Hydrogen production, purification, and recovery is critical to the refining industry as hydrogen demand is increasing because of decreasing crude quality, more stringent fuel standards around the world, and the rise of biofuels production. About a third of refinery H2 demand is met via byproduct supply from catalytic reforming units. The remainder comes from onsite dedicated H2 production via steam reforming or alternative technologies, recovery from offgas and purge streams, and the purchase of hydrogen from an over-the-fence production facility (merchant supplier).
Refinery-scale hydrogen production technology is currently dominated by the steam reforming of natural gas and other light hydrocarbons. Typically, a steam reformer produces grey hydrogen as part of a complete H2 plant that also includes the necessary pretreatment, shift conversion, and purification units. Hydrogen purification downstream of the steam methane reformer (SMR) is typically achieved using pressure swing adsorption (PSA) or membrane technology.
The recovery of grey H2 from offgas and purge gas streams can be achieved in a number of different configurations. The core technologies are very similar to purification technologies that are in place at the back end of conventional reforming facilities. Depending on the refinery configuration, refiners can choose to recover offgas in the PSA associated with the SMR, install a dedicated PSA for refinery offgas, or utilize the offgas as feed to the SMR plant.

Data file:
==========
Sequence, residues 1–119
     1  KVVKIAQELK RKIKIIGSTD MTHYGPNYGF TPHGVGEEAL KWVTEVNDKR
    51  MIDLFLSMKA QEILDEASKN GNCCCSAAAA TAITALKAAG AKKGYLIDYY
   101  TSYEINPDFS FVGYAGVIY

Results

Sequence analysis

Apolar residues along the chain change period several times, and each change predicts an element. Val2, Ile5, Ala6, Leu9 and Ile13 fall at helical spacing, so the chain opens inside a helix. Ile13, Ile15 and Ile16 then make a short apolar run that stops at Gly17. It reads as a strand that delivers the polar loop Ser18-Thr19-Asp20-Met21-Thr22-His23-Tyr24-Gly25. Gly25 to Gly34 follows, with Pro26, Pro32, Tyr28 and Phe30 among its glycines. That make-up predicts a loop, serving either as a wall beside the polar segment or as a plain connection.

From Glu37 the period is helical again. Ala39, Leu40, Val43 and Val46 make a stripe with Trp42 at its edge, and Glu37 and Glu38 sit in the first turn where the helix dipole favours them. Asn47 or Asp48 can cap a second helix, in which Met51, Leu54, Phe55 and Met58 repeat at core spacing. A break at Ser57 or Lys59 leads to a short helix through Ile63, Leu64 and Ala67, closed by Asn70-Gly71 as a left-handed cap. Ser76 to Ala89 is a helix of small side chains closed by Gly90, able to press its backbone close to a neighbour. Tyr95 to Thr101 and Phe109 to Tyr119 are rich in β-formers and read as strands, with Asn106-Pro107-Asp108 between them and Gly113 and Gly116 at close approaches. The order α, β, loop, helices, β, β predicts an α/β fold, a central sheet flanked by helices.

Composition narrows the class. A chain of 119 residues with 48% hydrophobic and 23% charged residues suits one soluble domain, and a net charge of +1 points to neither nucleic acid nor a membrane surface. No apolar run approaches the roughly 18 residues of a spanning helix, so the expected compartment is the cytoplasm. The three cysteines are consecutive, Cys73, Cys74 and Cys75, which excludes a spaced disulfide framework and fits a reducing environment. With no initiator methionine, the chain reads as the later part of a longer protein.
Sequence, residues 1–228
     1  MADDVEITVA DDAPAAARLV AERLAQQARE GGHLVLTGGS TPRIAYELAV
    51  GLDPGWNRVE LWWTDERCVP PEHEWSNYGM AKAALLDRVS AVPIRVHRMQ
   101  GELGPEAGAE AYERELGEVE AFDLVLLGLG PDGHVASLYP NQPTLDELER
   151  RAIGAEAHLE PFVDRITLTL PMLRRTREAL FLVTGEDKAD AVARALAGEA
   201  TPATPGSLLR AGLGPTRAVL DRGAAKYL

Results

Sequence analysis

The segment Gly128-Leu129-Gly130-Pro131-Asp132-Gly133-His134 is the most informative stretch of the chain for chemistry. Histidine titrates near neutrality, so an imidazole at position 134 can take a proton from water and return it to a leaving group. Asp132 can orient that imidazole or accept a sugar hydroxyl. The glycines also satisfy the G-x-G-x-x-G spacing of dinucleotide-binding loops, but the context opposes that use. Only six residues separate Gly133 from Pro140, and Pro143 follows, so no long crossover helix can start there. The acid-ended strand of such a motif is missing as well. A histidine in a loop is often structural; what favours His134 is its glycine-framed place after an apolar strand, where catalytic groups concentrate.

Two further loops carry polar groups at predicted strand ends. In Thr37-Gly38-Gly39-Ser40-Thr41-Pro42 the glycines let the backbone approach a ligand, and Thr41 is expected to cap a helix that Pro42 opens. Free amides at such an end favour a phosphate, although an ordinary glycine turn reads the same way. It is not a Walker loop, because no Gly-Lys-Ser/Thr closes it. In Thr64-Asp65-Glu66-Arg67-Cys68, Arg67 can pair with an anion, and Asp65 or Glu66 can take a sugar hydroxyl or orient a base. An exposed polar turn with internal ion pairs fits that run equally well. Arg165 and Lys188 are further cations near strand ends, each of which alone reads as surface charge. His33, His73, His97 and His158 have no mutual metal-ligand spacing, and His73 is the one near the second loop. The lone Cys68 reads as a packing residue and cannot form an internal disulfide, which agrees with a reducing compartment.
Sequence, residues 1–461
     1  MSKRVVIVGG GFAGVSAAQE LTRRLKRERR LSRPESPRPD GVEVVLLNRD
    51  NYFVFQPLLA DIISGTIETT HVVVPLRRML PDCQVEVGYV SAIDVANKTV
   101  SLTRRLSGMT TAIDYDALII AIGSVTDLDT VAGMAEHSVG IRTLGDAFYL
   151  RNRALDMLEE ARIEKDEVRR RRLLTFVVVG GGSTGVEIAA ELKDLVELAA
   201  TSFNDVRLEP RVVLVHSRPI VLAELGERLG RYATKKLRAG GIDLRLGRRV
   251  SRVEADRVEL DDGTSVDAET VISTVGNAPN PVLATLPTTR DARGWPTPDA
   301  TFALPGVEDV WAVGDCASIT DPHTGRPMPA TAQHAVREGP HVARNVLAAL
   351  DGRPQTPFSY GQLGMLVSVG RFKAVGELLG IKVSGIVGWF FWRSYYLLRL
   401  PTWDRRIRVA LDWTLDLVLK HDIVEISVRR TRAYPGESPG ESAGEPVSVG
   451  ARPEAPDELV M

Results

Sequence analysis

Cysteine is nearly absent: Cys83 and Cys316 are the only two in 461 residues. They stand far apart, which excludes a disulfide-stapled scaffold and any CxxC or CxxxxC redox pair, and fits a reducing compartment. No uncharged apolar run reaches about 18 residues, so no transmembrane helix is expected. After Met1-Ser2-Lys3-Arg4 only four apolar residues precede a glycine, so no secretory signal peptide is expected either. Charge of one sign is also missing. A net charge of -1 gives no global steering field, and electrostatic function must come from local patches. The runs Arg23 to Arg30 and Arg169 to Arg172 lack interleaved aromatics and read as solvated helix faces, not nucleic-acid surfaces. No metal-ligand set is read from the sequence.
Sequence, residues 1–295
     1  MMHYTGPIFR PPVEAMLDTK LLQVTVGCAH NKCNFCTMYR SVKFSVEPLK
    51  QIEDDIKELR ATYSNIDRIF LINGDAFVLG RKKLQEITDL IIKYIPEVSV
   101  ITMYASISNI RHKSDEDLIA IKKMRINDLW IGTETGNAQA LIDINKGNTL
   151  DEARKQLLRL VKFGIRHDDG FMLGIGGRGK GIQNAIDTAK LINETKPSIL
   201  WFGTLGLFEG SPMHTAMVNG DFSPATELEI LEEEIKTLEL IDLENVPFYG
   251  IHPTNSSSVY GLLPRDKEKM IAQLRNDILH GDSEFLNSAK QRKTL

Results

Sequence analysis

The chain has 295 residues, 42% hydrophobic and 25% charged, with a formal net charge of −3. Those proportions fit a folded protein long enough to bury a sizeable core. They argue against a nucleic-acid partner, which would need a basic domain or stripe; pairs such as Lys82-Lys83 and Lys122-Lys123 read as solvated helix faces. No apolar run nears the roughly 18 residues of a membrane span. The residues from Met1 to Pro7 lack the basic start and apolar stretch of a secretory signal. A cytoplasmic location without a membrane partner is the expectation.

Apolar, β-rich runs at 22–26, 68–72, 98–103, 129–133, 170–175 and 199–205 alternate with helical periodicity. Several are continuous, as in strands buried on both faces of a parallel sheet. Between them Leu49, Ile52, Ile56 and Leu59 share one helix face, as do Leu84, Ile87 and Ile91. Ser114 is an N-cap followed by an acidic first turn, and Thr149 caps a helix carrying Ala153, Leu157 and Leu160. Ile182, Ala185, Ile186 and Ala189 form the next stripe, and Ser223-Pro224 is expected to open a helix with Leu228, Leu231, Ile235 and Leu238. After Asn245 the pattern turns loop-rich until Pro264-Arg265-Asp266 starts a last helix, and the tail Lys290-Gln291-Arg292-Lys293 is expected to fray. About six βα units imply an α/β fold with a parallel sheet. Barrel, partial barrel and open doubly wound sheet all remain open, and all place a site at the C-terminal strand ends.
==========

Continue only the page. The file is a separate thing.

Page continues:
How it will benefit you
As meeting the increase in hydrogen demand has largely fell on SMR, the study is designed to address on two sought-after objectives: (1) optimizing production from the H2 plant and (2) improving the reliability of the SMR. Increasing energy efficiency in order to improve profits and/or reduce CO2 emissions is another currently critical area of focus. Offerings to meet these objectives include reformer tube innovation, prereformers and post-reformers, catalyst loading methods, tube temperature monitoring technologies, and reformers designed to utilize heat generated in the process for the reforming reactions.
SMRs contribute to a significant portion of a refinery's overall carbon footprint, due mainly to the fact that most of the carbon fed into the unit ends up as CO2. As such, hydrogen producers have moved from the approach used in previous decades whereby CO2 was simply separated from the hydrogen and generally sent into the atmosphere. An alternative option that lowers greenhouse gas (GHG) emissions is blue hydrogen production pathways that couple SMRs with carbon capture and storage (CCS) or carbon capture, utilization, and storage (CCUS). Also, electrolysis of water using renewable energy sources produces green hydrogen, which can be stored or transported to customers.
Currently blue and green hydrogen account for a small percentage of total H2 production. But, with the global push to decarbonize across many industries, this may change. Blue hydrogen retrofitting and greenfield and brownfield solutions may be the optimal choice in the near-term as these are based on established H2 production processes and are less expensive. However, in the future, if green hydrogen becomes cost-competitive, more refiners may turn to the electrolyzers that are available on the market from several companies.